I Shall Not Want
Not long ago, my daughter Sarah learned the phrase “I want.” As someone who hopes my children will learn the importance of clearly stating their needs, I was initially quite happy with Sarah’s newfound ability to express herself. Then, one day, “I want” turned into “I need.” No longer did Sarah simply “want” a piece of cheese or her beloved blanket; now she needed it. (And she needed it quite desperately, and now.)
A week or so later, probably while waiting for something as frustrating as a piece of bread to toast, Sarah’s cry changed again: “I want and need toast,” she wailed.
What do Amy and her husband learn about their needs as wants as they teach Sarah about hers? Read the full text of this article in the November/December 2007 issue of Horizons.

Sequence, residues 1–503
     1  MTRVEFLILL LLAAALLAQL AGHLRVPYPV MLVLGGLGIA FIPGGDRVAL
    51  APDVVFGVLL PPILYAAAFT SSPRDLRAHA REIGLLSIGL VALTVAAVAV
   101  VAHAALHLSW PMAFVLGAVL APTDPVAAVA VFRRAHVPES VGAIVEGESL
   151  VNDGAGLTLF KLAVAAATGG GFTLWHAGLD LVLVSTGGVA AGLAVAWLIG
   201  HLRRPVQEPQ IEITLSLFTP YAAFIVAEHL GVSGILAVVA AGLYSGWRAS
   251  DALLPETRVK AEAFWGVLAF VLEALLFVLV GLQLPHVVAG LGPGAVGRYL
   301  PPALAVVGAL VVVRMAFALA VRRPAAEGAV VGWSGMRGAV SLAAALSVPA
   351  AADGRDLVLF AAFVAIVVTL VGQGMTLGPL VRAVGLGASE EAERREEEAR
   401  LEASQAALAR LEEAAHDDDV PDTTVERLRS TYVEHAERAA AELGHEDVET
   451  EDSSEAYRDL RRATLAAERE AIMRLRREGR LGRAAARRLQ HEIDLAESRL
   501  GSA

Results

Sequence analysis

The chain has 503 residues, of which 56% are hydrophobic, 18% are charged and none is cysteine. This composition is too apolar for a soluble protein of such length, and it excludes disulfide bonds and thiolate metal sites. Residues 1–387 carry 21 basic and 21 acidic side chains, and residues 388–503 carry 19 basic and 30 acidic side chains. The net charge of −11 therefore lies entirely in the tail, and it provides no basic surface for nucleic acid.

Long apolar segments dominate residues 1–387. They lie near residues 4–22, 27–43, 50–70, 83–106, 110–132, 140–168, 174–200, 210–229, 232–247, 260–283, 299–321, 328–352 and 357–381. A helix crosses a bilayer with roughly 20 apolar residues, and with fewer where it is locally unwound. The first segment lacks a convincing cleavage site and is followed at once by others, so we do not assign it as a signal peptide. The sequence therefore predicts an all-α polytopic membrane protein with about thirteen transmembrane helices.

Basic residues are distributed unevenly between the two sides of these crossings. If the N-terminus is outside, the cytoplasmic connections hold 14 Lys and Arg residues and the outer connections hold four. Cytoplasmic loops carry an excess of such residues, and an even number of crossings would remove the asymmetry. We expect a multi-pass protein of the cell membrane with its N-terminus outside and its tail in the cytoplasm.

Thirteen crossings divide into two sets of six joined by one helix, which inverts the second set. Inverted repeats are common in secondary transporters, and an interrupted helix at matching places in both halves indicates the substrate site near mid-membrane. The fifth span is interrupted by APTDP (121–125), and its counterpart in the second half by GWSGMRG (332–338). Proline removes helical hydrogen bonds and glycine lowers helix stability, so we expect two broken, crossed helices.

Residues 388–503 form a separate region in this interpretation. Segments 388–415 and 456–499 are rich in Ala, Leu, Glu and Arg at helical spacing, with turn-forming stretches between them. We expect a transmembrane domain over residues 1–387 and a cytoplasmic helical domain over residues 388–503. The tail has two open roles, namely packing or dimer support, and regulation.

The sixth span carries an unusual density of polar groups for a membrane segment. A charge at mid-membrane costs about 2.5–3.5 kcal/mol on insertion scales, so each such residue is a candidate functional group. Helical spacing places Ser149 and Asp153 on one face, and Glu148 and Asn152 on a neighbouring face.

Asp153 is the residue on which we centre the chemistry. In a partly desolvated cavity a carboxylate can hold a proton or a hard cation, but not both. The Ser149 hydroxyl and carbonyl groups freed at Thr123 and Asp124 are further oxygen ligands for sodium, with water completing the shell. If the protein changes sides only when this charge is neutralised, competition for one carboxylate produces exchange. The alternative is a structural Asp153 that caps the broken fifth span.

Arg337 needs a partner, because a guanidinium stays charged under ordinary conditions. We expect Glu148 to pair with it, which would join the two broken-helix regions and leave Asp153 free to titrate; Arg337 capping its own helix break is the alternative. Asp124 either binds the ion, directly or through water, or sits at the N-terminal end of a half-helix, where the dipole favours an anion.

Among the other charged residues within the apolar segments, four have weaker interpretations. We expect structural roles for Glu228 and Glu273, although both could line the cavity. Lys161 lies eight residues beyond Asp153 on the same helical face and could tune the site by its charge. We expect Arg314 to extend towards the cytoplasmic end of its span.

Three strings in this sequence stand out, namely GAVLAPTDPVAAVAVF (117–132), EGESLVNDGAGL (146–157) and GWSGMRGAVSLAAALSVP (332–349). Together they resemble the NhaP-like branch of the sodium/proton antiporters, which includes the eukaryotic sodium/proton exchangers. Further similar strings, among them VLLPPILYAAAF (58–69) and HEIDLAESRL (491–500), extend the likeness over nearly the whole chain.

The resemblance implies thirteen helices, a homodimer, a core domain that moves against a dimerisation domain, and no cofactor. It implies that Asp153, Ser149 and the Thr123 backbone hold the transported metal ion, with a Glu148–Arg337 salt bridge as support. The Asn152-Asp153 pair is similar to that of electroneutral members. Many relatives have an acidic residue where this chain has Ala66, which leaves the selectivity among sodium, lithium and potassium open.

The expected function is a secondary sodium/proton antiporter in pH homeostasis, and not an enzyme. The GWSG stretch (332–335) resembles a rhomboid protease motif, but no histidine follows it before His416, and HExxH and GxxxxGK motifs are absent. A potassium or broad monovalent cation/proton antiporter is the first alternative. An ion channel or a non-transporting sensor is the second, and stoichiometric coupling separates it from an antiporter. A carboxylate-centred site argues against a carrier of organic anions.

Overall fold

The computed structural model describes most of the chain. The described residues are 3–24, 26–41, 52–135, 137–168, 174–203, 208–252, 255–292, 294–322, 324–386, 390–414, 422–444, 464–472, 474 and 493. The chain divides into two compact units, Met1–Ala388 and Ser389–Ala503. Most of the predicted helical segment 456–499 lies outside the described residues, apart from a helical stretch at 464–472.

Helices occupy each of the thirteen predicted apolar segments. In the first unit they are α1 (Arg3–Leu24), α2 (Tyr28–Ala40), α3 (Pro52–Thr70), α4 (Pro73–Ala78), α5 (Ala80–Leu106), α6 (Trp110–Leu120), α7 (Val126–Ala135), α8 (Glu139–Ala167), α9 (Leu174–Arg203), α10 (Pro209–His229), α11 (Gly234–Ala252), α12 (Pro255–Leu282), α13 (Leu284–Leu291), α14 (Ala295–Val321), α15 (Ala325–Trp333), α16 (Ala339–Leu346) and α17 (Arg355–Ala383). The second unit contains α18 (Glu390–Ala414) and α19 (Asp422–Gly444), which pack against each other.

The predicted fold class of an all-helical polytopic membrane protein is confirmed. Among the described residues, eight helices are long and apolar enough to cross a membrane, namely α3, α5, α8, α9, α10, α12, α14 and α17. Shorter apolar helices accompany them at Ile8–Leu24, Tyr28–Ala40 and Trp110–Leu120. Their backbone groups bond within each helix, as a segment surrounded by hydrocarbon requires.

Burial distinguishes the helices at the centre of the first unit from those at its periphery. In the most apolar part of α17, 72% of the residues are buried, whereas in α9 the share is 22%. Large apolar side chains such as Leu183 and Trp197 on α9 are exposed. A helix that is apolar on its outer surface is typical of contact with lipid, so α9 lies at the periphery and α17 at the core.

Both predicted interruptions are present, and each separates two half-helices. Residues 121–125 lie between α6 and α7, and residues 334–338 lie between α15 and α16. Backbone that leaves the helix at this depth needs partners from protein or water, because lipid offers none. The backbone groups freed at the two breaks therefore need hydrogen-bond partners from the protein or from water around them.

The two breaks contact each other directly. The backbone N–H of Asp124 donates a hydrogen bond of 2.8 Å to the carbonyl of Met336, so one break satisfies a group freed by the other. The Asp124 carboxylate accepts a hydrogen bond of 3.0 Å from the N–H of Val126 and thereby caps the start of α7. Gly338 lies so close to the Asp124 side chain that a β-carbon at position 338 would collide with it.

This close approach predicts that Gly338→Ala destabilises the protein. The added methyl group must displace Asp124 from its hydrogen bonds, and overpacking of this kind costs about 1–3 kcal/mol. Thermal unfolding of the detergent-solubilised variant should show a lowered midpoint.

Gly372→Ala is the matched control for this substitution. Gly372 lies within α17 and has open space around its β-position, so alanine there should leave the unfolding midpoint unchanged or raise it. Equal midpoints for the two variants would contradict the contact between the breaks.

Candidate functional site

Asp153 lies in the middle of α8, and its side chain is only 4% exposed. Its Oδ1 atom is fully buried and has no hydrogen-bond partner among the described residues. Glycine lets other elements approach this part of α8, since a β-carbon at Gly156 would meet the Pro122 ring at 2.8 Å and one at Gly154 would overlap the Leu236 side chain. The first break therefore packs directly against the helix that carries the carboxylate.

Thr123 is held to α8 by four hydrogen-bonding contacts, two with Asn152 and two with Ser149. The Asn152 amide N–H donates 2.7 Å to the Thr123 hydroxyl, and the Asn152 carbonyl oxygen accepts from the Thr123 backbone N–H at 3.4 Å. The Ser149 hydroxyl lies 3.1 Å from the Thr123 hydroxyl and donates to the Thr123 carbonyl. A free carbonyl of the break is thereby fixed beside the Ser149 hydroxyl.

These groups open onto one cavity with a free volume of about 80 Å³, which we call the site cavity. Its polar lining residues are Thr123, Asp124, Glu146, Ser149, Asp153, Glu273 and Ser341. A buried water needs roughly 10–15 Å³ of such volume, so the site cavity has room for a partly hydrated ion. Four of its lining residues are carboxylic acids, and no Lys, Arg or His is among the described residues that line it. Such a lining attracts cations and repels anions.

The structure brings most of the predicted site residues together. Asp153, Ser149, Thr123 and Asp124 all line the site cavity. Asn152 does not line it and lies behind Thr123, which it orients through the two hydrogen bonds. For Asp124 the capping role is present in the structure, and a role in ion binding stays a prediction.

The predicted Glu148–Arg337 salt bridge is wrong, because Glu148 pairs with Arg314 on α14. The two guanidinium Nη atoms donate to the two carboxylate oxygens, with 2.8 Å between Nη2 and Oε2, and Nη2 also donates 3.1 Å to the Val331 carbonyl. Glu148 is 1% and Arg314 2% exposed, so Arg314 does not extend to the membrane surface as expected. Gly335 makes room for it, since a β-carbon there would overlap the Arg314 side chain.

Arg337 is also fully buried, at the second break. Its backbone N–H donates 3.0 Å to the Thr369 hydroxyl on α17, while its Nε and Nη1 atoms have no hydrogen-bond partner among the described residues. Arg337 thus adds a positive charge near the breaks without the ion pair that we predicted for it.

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Amy Starr Redwine is a freelance writer with a Master of Divinity degree from Princeton Theological Seminary. She lives in Akron, Ohio, where she and her husband strive daily to faithfully parent their two-year-old daughter and await the birth of their second child.
Illustration by Shino Arihara/the ispot
Other Articles Online This Issue
Items underlined can be seen in this Web site, all others appear in the November/December 2007 (HZN-07-260) issue of Horizons magazine.